As I meet those that challenge the current of mediocrity
I have discovered this is a lonely path that few succeed
They reach beyond to dream of solving world problems
To directly touch individual souls and bridge the chasm
They have no blazed trails to follow towards the infinite
Yet move towards suffering using Gods illuminated light
Every single one of them a visible sign of Christ’s agape
Creating trembles in the otherwise silent sounds of decay
In my own heart I see them there in daily silent prayer
Asking God’s grace so they may continue to deeply care
All I can offer myself is my intelligence and a promise
I will soon walk with Christ, and no longer be cautious
I like others have a dream, now the dream pursues me
Resisting futile, I no longer wait the dreams visibility
I must pursue its reality, challenge the narrow course
Chase the vision aiming straight into its human source
As I learn to navigate, God is quieting the rushing current
Calming the raging tears of grief inside of abandonment
He has a plan for me, I am simply the flesh in the dream
We will fight the current to change the origin upstream
Justice is Beyond Private Charity – a Parable
There is a story told, now quite famous within the social justice circles:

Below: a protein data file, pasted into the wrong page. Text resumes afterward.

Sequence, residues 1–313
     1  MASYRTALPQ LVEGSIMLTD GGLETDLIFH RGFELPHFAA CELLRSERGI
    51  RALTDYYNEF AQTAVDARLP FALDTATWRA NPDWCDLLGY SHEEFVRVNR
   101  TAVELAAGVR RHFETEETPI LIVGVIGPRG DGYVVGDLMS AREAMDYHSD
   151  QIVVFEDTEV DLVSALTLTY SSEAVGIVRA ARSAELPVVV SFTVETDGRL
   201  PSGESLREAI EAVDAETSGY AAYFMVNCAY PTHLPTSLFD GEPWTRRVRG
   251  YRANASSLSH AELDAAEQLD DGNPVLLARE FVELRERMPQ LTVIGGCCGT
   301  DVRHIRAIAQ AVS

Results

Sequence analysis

Once upon a time there was a town that was built just beyond the bend of a large river. One day some of the children of the town were playing beside the river when they noticed bodies floating in the water. They ran for help and the townsfolk quickly pulled the bodies out of the river.
One body was dead so they buried it. One was alive, but quite ill, so they put that person into the hospital. The third turned out to be a healthy child, who they placed with a family who cared for it and who took it to school.
From that day on, every day a number of bodies came floating down the river and, every day, the good people of the town would pull them out and tend to them – taking the sick to the hospitals, placing children with families, and burying those who were dead.
This went on for years; each day brought its quota of bodies, and the townsfolk not only came to expect a number of bodies each day but also worked at developing more elaborate systems for picking them out of the river and tending to them. Some of the town folk became quite generous in tending to these bodies and a few extraordinary ones even gave up their jobs so that they could tend to this concern full-time. And the town itself felt a certain healthy pride in its generosity.
However, during all these years and despite all that generosity and effort, nobody thought to go up the river, beyond the bend that hid from their sight what was above them, and find out why, daily, those bodies came floating down the river.
Page 168 of The Holy Longing; Ron Rolheiser, OMI